Deputy Chris Green, a member of the States working party consulting on plans to replace current marriage laws with a new system of 'union civile', said the change would bring equality and legally recognise partnerships between couples without the religious connotations that the term 'marriage' brought.
Under the reform all couples, no matter what sexual orientation, could be joined together in 'union civile'.
However, the word 'marriage' would apply only to those having their union civile blessed by the Church and this is something that faced criticism from deputies and members of the public on social media.
Commentator Horace Camp said he was completely in favour of the concept of equality for all behind the proposals, but opposed to the idea that 'marriage' would be reserved for religious purposes only.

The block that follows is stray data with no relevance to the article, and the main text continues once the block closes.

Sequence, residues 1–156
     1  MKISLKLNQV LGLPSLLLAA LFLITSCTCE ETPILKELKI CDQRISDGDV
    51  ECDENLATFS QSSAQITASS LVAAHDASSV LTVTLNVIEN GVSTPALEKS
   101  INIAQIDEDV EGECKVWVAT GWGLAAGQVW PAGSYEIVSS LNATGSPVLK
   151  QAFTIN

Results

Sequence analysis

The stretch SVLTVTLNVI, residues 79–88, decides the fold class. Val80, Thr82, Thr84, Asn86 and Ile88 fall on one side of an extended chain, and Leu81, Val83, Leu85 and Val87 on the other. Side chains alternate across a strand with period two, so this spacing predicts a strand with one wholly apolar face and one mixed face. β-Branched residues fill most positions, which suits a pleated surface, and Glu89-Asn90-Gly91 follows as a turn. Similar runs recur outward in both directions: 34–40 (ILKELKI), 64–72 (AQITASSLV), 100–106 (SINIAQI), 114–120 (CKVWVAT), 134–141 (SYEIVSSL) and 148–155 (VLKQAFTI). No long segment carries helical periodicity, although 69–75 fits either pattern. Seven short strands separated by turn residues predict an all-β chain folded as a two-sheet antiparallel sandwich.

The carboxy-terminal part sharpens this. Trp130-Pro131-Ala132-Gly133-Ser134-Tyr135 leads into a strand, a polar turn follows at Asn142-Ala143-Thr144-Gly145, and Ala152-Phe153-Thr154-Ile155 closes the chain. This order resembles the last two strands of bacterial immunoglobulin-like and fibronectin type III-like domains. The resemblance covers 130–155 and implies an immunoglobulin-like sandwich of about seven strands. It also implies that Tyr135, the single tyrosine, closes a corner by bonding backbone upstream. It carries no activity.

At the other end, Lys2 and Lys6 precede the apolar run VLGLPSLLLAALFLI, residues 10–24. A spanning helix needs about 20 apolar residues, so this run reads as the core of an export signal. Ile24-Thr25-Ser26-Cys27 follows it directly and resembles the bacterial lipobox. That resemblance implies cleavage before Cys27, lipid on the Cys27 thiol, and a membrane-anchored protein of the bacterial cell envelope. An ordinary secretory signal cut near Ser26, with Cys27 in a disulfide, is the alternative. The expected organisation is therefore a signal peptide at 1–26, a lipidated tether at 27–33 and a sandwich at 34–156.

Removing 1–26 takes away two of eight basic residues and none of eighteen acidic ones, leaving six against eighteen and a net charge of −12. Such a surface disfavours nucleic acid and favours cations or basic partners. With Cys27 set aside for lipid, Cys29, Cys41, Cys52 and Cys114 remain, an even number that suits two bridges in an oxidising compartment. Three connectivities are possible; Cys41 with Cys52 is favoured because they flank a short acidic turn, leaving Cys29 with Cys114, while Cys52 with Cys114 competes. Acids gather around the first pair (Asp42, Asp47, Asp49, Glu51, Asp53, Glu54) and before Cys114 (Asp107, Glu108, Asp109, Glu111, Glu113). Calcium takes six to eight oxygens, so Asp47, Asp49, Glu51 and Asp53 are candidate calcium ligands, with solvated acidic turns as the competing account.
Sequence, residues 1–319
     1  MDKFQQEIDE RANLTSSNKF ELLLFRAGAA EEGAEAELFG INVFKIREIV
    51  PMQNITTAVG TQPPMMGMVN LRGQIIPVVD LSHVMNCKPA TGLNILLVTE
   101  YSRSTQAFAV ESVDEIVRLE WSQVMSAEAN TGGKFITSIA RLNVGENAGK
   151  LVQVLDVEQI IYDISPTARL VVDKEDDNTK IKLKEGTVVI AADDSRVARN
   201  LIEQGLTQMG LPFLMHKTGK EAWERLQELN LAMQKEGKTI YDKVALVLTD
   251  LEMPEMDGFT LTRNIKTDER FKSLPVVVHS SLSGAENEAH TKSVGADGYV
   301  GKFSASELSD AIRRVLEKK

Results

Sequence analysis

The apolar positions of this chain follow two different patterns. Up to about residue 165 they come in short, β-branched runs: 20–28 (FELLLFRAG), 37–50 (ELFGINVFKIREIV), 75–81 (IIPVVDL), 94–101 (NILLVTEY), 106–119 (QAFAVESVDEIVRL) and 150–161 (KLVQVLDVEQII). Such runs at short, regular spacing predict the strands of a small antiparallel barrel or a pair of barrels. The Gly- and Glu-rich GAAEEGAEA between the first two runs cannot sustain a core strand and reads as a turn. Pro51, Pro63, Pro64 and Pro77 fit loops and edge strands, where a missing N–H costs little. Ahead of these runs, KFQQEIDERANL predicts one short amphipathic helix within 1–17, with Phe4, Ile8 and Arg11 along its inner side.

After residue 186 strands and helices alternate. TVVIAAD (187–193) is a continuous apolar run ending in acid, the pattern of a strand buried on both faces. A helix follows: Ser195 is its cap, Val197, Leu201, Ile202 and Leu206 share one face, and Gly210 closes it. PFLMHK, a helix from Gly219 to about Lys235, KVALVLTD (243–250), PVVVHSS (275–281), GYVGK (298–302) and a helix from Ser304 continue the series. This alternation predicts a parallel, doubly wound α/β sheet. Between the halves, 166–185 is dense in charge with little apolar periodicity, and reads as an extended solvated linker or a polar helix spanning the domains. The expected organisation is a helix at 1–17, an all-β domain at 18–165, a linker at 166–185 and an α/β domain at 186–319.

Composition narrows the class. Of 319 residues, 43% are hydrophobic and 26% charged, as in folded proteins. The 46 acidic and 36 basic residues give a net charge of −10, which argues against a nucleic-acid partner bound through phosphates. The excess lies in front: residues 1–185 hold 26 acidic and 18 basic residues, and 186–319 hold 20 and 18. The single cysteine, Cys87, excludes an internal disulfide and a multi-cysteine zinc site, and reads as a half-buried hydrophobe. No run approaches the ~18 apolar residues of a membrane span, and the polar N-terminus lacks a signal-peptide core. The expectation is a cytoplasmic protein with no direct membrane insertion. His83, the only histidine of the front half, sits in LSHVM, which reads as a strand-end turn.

He warned 'equal marriage ends discrimination, union civile doesn't'.
'It is the idea that the term ''marriage'' is being ring-fenced for religious purposes,' he said.
'It is taking out marriage and giving it to religious groups, so they can have "union civile plus".'
Deputy Peter Sherbourne was among those who questioned why Guernsey was not moving towards full civil marriage, as in Ireland.
Deputy Green, however, has defended its work.
'As far as I'm aware there was a feeling that the definition of marriage was something which should be looked at from a States definition in a secular approach rather than religious approach'.
Equality charity Liberate's chairman Martin Gavet said the group was supportive of either the union civile or equal marriage options. 'It does not concern us so long as everyone is treated fairly and equally under the law,' he said.